IDC and Gartner reports show weakened demand for PCs

By on April 14, 2011, 10:00 AM
The global PC market is showing signs of slowing down as businesses and consumers hold off on purchasing new machines and shift focus to tablet computers, according to two market research groups.

IDC said that global shipments were 80.56 million, a year-on-year fall of 3.2% from 83.2 million in the first quarter of 2010, and down more than 10% in the U.S. Meanwhile, Gartner estimated shipments of 84.3 million for the same period, which would amount to a 1.1% year-on-year decline from 85.1 million units worldwide and a 6.1% drop in the U.S.

The decline follows a record 26% growth during last year's first quarter, which was driven by people upgrading PCs and buying new computers with Microsoft's Windows 7 operating system. But a lot has happened since then with the emergence of so-called post-PC devices, which according to IDC offer a "good enough" computing experience to attract massive users. Higher fuel and commodity prices, along Japan’s natural disasters, the uprisings in the Middle East, and of course the Intel Sandy Bridge delay are also believed to have played role in this quarter's decline.

Top 5 Vendors, United States PC Shipments, First Quarter 2011
(Preliminary) (Units Shipments are in thousands)

Rank

Vendor

1Q11
Shipments

Market
Share

1Q10
Shipments

Market
Share

1Q11/1Q10
Growth

1 HP 4,345 27.0% 4,453 24.7% -2.4%
2 Dell 3,724 23.1% 4,220 23.4% -11.8%
3 Toshiba 1,663 10.3% 1,506 8.3% 10.4%
4 Apple 1,375 8.5% 1,254 7.0% 9.6%
5 Acer Group 1,331 8.3% 2,298 12.7% -42.1%
 

Others 3,681 22.8% 4,309 23.9% -14.6%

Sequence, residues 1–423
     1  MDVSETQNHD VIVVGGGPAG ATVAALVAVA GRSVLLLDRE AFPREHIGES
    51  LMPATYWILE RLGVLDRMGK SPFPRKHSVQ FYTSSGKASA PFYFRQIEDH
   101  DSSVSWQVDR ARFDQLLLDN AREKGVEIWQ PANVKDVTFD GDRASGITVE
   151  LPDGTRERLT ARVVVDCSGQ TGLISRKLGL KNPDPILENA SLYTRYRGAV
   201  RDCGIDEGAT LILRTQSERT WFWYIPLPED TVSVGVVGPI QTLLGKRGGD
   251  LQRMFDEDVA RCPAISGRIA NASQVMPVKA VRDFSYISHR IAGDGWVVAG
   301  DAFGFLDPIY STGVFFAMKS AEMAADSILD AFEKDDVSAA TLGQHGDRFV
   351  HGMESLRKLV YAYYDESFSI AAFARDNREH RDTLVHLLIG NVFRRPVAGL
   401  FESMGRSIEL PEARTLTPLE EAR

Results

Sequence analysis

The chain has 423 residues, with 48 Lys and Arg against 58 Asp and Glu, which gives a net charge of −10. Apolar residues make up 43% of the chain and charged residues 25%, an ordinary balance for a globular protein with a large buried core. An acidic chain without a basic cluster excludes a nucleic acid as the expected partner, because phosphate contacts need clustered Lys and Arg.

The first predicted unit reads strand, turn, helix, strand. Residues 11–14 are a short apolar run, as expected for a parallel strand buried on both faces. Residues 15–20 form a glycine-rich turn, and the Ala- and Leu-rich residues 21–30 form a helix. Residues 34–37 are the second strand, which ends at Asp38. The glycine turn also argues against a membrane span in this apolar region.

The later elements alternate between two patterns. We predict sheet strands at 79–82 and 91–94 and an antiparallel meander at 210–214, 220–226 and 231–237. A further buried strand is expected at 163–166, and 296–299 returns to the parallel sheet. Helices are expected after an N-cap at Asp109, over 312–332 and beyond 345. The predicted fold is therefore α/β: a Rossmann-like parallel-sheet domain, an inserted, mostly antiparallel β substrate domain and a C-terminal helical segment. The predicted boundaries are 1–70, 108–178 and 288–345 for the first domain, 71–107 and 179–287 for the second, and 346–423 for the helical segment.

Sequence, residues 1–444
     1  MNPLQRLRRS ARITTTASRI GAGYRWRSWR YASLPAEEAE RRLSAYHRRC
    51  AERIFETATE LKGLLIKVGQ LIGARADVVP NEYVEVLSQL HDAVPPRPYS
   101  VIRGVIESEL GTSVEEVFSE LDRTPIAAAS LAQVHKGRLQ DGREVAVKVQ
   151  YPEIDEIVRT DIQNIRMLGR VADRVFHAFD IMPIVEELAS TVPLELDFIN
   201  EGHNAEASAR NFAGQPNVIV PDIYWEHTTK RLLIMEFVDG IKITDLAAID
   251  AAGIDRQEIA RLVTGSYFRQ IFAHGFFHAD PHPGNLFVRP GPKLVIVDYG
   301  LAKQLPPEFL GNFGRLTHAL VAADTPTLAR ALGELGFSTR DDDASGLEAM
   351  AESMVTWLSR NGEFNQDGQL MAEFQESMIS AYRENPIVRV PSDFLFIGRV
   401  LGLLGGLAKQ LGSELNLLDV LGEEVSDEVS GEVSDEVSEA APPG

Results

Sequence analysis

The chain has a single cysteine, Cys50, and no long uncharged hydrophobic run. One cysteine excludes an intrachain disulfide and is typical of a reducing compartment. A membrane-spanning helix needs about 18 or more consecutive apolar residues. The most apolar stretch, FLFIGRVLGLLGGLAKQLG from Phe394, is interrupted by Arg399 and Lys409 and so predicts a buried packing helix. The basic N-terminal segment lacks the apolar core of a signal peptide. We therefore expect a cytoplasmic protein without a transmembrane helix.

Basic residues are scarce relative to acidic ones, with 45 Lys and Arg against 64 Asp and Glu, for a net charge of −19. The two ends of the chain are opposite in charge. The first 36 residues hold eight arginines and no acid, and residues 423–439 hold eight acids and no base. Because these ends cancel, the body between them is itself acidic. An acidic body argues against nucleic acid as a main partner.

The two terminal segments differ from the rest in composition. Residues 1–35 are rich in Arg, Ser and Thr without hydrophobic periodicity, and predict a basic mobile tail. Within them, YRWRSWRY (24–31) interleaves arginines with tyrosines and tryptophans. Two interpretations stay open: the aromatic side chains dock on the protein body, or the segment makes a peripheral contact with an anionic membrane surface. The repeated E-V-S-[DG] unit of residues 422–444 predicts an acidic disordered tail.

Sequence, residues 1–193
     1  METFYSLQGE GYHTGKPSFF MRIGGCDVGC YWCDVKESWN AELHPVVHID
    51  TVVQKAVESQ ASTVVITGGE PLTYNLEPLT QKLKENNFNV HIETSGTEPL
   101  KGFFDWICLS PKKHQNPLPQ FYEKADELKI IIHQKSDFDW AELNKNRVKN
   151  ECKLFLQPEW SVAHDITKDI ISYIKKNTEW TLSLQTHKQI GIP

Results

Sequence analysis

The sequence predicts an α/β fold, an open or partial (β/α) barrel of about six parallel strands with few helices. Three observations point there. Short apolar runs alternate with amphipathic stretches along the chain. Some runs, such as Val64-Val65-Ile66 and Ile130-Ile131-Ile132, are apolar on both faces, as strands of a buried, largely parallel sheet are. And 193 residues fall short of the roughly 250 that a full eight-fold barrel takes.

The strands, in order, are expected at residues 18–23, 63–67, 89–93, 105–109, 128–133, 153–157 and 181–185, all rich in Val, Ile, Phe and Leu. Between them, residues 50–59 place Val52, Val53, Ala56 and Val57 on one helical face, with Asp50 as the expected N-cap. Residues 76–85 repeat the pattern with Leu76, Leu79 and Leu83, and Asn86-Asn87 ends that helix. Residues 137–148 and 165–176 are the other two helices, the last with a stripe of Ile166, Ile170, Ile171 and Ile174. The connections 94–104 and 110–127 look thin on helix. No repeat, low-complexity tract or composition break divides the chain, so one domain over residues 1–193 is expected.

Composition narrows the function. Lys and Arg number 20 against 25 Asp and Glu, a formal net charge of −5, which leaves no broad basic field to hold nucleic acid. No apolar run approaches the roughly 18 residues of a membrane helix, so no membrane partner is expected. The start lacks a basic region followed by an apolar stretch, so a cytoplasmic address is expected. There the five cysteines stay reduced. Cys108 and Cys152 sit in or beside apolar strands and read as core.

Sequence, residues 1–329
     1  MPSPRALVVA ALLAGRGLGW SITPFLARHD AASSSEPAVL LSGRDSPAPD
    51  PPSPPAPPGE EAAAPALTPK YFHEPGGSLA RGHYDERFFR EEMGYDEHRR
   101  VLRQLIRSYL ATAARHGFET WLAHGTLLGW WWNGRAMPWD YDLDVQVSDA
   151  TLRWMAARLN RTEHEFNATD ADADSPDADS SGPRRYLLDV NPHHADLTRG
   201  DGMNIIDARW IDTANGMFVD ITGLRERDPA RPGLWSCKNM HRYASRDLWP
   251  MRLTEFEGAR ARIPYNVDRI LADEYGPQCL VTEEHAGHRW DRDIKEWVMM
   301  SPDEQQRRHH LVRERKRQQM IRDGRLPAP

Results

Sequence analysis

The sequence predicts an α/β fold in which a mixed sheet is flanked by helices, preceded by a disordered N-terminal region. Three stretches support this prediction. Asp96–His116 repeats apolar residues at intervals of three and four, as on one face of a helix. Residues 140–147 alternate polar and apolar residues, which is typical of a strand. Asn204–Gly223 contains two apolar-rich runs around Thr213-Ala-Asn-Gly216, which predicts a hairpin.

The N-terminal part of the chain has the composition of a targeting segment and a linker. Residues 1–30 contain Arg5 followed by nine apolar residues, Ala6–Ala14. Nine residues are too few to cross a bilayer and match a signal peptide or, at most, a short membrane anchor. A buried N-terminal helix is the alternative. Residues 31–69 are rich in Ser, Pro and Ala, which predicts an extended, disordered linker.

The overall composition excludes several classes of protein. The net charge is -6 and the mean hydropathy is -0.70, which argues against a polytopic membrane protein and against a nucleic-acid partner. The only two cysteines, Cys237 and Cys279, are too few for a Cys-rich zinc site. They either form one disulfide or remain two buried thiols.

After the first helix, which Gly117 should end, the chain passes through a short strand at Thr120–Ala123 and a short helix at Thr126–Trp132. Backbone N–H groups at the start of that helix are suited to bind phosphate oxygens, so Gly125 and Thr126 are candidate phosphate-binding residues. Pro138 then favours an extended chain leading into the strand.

All Vendors 16,118 100.0%

18,040

100.0% -10.7%

HP retained its position as the world’s largest computer maker with 15.2 million units shipped, down 2.8%according to IDC estimates, while Dell came in second with a 1.8% drop to 10.3 million shipped computers. In third place Acer saw shipments fall 15.8% globally and a massive 42.1% in the U.S., showing the company's exposure to the shrinking interest in netbooks, which is also one of the reasons behind former CEO Gianfranco Lanci's recent departure.

Meanwhile, fourth-placed Lenovo showed considerable strength with a 16.3% increase in shipments to 8.2 million due to strong demand in China, while Toshiba's shipments increased 3.8% to 1.7 million.

Table data source: IDC Worldwide Quarterly PC Tracker, April 13, 2011




User Comments: 8

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gwailo247, TechSpot Chancellor, said:

OMG, you mean people don't buy a new desktop computer every year or two like they do with phones?

After everyone bought a new Windows 7 PC, probably spurred by really cheap prices on really good i-series machines, its only understandable that sales would drop.

Leeky Leeky said:

I agree, especially with the fantastic deals pretty much across the board helping matters.

It'll probably never be possible, but I would love to see those figures up against the enthusiasts that build there own, and how sales contrast in those scenarios.

yRaz yRaz said: